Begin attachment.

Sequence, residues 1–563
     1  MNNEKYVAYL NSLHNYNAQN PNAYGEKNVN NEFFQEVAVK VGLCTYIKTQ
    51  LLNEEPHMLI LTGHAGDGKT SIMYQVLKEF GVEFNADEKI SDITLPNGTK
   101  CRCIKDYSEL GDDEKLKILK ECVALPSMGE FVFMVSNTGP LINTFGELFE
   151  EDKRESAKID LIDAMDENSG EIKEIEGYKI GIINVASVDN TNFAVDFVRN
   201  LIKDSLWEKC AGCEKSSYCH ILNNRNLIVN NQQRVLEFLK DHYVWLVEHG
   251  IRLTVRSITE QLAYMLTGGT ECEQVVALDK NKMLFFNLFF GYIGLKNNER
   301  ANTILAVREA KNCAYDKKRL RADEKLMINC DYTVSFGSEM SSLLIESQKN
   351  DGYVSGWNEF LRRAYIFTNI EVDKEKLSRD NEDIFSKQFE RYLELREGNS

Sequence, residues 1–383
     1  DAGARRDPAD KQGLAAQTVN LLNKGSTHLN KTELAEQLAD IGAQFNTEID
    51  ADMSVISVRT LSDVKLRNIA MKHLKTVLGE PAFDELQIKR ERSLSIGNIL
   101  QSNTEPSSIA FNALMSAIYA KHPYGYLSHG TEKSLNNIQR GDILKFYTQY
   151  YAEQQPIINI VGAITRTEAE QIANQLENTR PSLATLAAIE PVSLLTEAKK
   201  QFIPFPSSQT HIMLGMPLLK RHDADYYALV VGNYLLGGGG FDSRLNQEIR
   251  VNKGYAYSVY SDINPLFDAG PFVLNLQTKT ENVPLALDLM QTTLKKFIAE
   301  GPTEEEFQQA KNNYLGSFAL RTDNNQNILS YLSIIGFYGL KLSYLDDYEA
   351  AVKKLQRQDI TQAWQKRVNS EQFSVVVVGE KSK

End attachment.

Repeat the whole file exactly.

Sequence, residues 1–563
     1  MNNEKYVAYL NSLHNYNAQN PNAYGEKNVN NEFFQEVAVK VGLCTYIKTQ
    51  LLNEEPHMLI LTGHAGDGKT SIMYQVLKEF GVEFNADEKI SDITLPNGTK
   101  CRCIKDYSEL GDDEKLKILK ECVALPSMGE FVFMVSNTGP LINTFGELFE
   151  EDKRESAKID LIDAMDENSG EIKEIEGYKI GIINVASVDN TNFAVDFVRN
   201  LIKDSLWEKC AGCEKSSYCH ILNNRNLIVN NQQRVLEFLK DHYVWLVEHG
   251  IRLTVRSITE QLAYMLTGGT ECEQVVALDK NKMLFFNLFF GYIGLKNNER
   301  ANTILAVREA KNCAYDKKRL RADEKLMINC DYTVSFGSEM SSLLIESQKN
   351  DGYVSGWNEF LRRAYIFTNI EVDKEKLSRD NEDIFSKQFE RYLELREGNS

Sequence, residues 1–383
     1  DAGARRDPAD KQGLAAQTVN LLNKGSTHLN KTELAEQLAD IGAQFNTEID
    51  ADMSVISVRT LSDVKLRNIA MKHLKTVLGE PAFDELQIKR ERSLSIGNIL
   101  QSNTEPSSIA FNALMSAIYA KHPYGYLSHG TEKSLNNIQR GDILKFYTQY
   151  YAEQQPIINI VGAITRTEAE QIANQLENTR PSLATLAAIE PVSLLTEAKK
   201  QFIPFPSSQT HIMLGMPLLK RHDADYYALV VGNYLLGGGG FDSRLNQEIR
   251  VNKGYAYSVY SDINPLFDAG PFVLNLQTKT ENVPLALDLM QTTLKKFIAE
   301  GPTEEEFQQA KNNYLGSFAL RTDNNQNILS YLSIIGFYGL KLSYLDDYEA
   351  AVKKLQRQDI TQAWQKRVNS EQFSVVVVGE KSK